A King County program is helping people who commit crimes turn their lives around. The program is called Community Court, and its mission is simple: To lower barriers to change.

Community Court is designed to address what is potentially driving a person's criminal behavior. It's done outside the courtroom and in a less intimidating space. 

The program is reserved for non-violent offenses like shoplifting, trespassing, or possession of drug paraphernalia.

"It's a beautiful marriage of compassion and accountability,” explained Therapeutic Courts Manager Callista Welbaum. “We see what they are going through [and] understand the challenges, but we're holding them accountable for crimes they commit. We ask them to come every week. We're asking them to give back to communities where damage was done. They all have community service.”

The first multi-jurisdictional Community Court in the nation originated in Brooklyn 20 years ago. According to research from the Center for Court Innovation, juveniles were 20% less likely to re-offend after Community Court, and adults were 10% less likely to commit new crimes.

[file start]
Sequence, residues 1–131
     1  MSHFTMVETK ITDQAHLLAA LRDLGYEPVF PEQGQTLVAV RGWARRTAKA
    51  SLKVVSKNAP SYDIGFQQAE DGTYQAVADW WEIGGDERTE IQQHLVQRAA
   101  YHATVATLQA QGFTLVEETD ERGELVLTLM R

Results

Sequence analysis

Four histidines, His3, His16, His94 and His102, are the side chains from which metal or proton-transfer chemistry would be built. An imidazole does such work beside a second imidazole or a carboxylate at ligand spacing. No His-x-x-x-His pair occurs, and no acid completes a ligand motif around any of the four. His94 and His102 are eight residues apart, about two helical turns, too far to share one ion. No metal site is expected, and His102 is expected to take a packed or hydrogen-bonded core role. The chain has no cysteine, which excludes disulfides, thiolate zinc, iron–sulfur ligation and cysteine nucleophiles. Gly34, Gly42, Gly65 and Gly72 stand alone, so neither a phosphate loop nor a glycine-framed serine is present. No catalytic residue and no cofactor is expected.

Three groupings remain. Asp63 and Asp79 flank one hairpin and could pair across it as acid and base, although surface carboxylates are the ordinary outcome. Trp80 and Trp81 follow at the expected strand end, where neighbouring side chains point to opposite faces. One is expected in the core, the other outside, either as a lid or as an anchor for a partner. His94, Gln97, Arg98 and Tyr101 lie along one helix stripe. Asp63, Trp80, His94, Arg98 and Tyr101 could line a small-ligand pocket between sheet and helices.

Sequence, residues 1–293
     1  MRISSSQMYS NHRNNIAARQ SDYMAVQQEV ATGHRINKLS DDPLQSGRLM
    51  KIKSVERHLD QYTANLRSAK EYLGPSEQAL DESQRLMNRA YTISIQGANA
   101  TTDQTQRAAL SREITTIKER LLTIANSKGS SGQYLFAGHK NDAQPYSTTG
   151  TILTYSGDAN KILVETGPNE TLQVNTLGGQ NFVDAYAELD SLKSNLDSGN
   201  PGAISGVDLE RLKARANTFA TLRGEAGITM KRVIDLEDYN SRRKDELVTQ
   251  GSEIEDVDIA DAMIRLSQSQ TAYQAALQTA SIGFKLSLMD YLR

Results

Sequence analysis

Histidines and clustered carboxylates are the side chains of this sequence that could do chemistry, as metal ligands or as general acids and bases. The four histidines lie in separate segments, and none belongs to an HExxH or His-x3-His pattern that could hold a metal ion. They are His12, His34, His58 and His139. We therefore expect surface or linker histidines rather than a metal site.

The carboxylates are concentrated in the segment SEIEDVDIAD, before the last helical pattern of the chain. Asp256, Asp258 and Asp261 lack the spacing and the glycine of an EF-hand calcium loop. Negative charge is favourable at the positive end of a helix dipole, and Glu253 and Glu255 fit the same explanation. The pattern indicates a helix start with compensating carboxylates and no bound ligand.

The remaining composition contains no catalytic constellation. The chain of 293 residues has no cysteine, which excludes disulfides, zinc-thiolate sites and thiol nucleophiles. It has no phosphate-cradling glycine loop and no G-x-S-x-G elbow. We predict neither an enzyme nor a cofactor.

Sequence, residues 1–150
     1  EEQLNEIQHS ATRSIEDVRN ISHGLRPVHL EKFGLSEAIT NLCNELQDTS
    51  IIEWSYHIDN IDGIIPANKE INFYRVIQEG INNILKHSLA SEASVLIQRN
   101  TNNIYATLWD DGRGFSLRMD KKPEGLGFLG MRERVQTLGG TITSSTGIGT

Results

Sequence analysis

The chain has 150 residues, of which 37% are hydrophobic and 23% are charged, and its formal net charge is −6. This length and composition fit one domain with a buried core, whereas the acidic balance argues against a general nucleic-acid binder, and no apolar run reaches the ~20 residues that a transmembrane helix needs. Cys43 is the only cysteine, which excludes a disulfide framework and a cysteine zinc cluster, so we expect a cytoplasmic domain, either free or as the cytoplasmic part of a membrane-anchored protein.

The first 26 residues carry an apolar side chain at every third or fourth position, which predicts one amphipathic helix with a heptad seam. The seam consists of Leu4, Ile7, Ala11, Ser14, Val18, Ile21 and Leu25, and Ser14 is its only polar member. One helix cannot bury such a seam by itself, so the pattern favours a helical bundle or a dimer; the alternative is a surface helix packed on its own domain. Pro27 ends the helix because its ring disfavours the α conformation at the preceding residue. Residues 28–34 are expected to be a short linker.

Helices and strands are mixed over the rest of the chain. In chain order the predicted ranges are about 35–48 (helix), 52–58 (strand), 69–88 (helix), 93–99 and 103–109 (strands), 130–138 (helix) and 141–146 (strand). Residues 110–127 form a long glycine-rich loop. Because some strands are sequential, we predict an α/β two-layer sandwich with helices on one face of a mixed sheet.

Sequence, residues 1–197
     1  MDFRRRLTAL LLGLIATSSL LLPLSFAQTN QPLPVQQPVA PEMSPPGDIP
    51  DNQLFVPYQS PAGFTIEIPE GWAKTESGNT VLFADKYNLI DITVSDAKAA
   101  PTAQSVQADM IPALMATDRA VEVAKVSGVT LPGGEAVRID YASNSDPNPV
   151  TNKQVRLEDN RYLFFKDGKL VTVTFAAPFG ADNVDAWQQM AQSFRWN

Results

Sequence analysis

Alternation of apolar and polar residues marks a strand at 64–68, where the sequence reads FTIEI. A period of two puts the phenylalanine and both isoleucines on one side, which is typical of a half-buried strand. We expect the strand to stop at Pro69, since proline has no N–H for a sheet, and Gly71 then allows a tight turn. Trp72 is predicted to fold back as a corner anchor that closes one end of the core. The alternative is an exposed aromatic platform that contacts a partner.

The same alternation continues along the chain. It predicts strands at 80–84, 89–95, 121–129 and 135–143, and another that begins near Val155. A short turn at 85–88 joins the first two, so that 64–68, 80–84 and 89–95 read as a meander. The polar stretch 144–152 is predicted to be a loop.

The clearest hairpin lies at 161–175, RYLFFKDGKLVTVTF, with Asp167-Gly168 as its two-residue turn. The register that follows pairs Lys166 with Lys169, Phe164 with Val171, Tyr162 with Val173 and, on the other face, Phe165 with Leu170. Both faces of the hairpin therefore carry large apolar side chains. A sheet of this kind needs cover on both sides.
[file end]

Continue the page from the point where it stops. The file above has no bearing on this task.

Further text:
A similar program launched in Spokane, Washington, in 2013 where the results are more dramatic. According to researchers at Washington State University, only 20% of Community Court participants were charged with another offense within six months of completing the program compared to 32% of the comparison samples. 

After a year, 30% of Community Court participants got in trouble again compared to 46% for the rest of the population.

What was especially notable to researchers in some communities was the decrease in crimes in areas served by the justice center.

King County launched its first Community Court in Redmond nearly two years ago. Burien opened a Community Court last year, and Shoreline recently opened one as well.

One perk of the program is a weekly resource fair where defendants can get connected to services. But the resource fair is also open to everyone in the community, regardless if they have been charged with a crime.

While King County's program is still too new to evaluate the impact, Welbaum is confident they're moving in the right direction.

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